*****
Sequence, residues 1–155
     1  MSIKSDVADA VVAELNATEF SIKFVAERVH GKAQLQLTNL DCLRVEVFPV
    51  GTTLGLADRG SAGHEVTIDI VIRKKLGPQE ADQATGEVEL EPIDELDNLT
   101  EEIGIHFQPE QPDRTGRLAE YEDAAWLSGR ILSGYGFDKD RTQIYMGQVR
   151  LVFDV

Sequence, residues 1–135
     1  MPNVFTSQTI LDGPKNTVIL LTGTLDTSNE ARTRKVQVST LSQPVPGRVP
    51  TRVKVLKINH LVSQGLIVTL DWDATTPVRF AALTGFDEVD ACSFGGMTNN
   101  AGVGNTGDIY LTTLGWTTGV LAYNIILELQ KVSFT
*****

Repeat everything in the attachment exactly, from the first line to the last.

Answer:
Sequence, residues 1–155
     1  MSIKSDVADA VVAELNATEF SIKFVAERVH GKAQLQLTNL DCLRVEVFPV
    51  GTTLGLADRG SAGHEVTIDI VIRKKLGPQE ADQATGEVEL EPIDELDNLT
   101  EEIGIHFQPE QPDRTGRLAE YEDAAWLSGR ILSGYGFDKD RTQIYMGQVR
   151  LVFDV

Sequence, residues 1–135
     1  MPNVFTSQTI LDGPKNTVIL LTGTLDTSNE ARTRKVQVST LSQPVPGRVP
    51  TRVKVLKINH LVSQGLIVTL DWDATTPVRF AALTGFDEVD ACSFGGMTNN
   101  AGVGNTGDIY LTTLGWTTGV LAYNIILELQ KVSFT